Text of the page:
What is heritage? How do you go about preserving a place whose constructed elements are not bricks, concrete or steel, but a rich and intricate ancient fabric of dreams and stories? The Burra Charter, drawn up in 1979, has made Australia a leading and influential voice in the field of cultural preservation. Luise Rellensmann reevaluates this significant document, which has helped shift the idea of conservation from the material to the wider cultural significance of site or place by recognising the very different nature of what is considered “heritage” by Indigenous Australians as opposed to that of the West.
Crooked trees, rough rocks and waterholes are commonly places of worship in Aboriginal culture – in ways that are often incomprehensible to others, including their non-Indigenous fellow Australians. What might appear just a vast landscape to Western experts in archaeology, architecture or art history could be in fact a “labyrinth of invisible pathways”, as Bruce Chatwin describes in his book Songlines from 1987. Sydney Opera House and Uluru (or Ayers Rock), two Australian icons, could be seen to symbolise concepts of heritage constructed in completely different ways by two different cultures: the non-Indigenous and the Indigenous. With The Burra Charter, named after the historic mining town Burra in Southern Australia and adopted by Australia ICOMOS (International Council on Monuments and Sites) in 1979, preservationists in the country acknowledged these different approaches much earlier than elsewhere, and since then have differentiated the heritages of the country's people/cultures in conservation practice.
The Burra Charter was based initially on The Venice Charter from 1964 – one of the most influential texts in twentieth century preservation, and still widely used especially in Europe, which focussed on safeguarding cultural heritage mainly through the exact “authentic” preservation of built form and substance. However, in Australian indigenous culture, places are considered important because of the creational stories they embody, rooted in the so-called “dreaming” which is a set of beliefs that a group lives by. Against this context, the rigid principles of The Venice Charter, focused on the material authenticity of built heritage, could be seen to have limitations.
Australian preservation officials were confronted with questions of how to preserve the heritage of a culture that is still “lived” but without manifesting itself through built form. The essence and difference compared to the Venice document is that The Burra Charter puts the notion of “cultural significance” at the centre of preservation practice. Thus, it brings a more open approach to a field that often talks about monuments, or Denkmäler in German, terms that automatically evoke images of pedestals and palaces as well as of a genius creator and their work. It is an idea that disregards the possibility that objects or places do not come into existence as monuments, but become monuments through human perception, by what people attribute to them.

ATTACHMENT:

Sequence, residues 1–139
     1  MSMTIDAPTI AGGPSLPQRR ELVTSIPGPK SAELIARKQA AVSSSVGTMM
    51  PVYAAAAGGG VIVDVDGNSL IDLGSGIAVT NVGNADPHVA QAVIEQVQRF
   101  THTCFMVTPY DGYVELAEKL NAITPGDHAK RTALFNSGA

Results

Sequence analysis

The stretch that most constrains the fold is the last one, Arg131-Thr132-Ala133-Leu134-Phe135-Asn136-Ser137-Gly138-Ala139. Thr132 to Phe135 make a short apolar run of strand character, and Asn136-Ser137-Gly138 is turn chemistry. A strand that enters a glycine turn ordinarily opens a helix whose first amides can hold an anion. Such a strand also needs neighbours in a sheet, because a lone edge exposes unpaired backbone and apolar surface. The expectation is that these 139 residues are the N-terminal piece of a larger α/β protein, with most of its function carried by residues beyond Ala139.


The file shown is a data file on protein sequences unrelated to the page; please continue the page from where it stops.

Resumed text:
“There was no sense of either wanton criticism or antipodean distaste for The Venice Charter in doing this work”, says Sheridan Burke, partner at GML Heritage (Sydney) and former vice president of ICOMOS, “rather the simple need to respectfully translate its principles into a practical and useful document that would be specifically applicable to Australian places and cultural conditions”.
According to The Burra Charter, preservation aims at retaining the cultural significance of a place not limited to its aesthetic and historic values alone but embracing social and spiritual values as well. “Place” in this case means a geographically defined area, which may include elements, objects, spaces and views having tangible and intangible dimensions. “Cultural significance is embodied in the place itself, its fabric, setting, use, associations, meanings, records, related places and related objects”. (Article 1.2, The Burra Charter). Culture is a social construct in the case of Australia’s indigenous people extolled and sang about in “dreaming” tracks. Thus The Burra Charter puts the people and their perception at the centre, asking for whom do we need to preserve what? Its emphasis is on understanding places first and then developing ways to manage them and their changes into the future. As is often misunderstood in the Western approach to conservation, it is not about keeping a place in a particular state, and preservation is seen as a process that needs to be negotiate afresh again and again. In the same way The Burra Charter has itself been revised many times since coming into being in 1979, the last time in 2013.
The guidelines of the Charter have become increasingly influential over the years and have been applied outside Australia in parts of Africa, India, Vietnam and China amongst other places. However they’ve not been so much recognised or applied in the European context. Certainly looking at Germany, one reason for this might be the guidelines’ emphasis on involvement of the public: an approach that would challenge the authority of the Federal Preservation Office in the definition and interpretation of what heritage actually is.
The Burra Charter and can be viewed and downloaded here.
– Luise Rellensmann is an editor at Baunetz and assistant professor/research assistant at the department for architectural conservation at BTU Cottbus